3. Define Criticality Of Applications And Data

Before you begin to build out your IT disaster recovery plan, you’ll need to classify your data and applications according to their criticality. Start by speaking to your colleagues and support staff to determine the criticality of each application and data set.

Look for commonalities and group them according to the criticality to your business continuity, a frequency of change, and retention policy. Grouping your data into classes with similar characteristics will allow you to implement a less complex strategy to recover.

4. Document And Communicate Your Plan

In a disaster scenario, you need a documented strategy for how to get back to a working state. This report should be written for the people who will use it.

Clear and transparent communication with employees, customers, and others are essential for maintaining trust and reputation. Establish one point of contact for employee, customer, and supplier communication.

All too often, only one person in the organisation knows the whole picture, leaving the organisation vulnerable if that one person is unavailable during a disaster. Moreover, be sure to store your DR strategy where it can be accessed during a catastrophe — not on public share in your Exchange folders. Ideally, it should be printed and posted in multiple locations.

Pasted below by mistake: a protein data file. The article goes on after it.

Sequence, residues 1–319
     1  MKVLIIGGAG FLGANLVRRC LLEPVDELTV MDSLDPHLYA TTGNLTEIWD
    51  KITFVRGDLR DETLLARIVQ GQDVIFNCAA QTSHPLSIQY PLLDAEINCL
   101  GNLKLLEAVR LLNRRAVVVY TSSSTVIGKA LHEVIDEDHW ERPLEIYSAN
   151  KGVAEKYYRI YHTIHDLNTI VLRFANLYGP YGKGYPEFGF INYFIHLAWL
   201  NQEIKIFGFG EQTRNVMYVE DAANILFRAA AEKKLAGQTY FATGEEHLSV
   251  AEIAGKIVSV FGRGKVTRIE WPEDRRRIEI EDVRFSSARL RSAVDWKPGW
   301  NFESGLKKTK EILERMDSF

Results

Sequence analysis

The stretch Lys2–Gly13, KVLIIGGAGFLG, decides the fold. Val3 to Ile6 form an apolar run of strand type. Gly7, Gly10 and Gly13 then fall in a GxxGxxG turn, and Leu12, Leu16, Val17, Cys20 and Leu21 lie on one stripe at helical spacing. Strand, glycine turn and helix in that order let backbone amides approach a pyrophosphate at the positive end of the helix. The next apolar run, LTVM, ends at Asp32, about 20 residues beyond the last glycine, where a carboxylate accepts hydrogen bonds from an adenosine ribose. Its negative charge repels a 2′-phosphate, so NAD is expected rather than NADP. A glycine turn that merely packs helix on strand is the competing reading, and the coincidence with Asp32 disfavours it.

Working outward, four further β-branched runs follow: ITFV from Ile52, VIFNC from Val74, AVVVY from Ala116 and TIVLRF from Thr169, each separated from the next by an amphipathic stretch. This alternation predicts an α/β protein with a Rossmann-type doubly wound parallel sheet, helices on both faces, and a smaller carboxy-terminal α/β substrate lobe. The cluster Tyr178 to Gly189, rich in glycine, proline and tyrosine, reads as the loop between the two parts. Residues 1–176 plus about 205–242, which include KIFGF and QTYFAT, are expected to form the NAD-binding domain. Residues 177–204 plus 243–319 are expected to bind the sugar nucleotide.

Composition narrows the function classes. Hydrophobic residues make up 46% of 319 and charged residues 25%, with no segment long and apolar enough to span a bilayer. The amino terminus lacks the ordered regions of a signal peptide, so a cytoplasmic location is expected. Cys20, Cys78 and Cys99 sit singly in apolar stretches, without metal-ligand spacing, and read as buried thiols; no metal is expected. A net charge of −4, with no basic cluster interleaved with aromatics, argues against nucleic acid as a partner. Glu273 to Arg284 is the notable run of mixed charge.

5. Test Your DR Plan

Merely devising a DR plan isn’t enough, the program needs to be regularly checked, and people need to practice procedures; just like a school prepares its students for fire and emergency drills on a regular basis. If not commonly practiced, the plan is ineffective. No organisation ever gets to perfection with its disaster plan, but practice will help you find and rectify problems in your project, as well as enable you to execute it faster and more accurately. DR plan is useless if it spends most of its life sitting in a drawer somewhere. There’s no point in creating one if you’re not going to allocate sufficient resources to training staff on the existence of the plan, as well as what their roles and responsibilities would be in the event of an IT outage.

6. Evaluate And Update Your Plan

A DR plan should be a living document. It’s especially important to regularly review your plan given the shifting sands of an ever-changing business environment. As time passes and your business grows, you’ll need to accommodate new systems and IT services in your DR plan. Tolerance for downtime and data loss may decline. Key personnel may go on leave or terminate their employment. IT might migrate to new hardware or operating systems. The company might acquire another company. Your planning needs to reflect the current state of the organisation.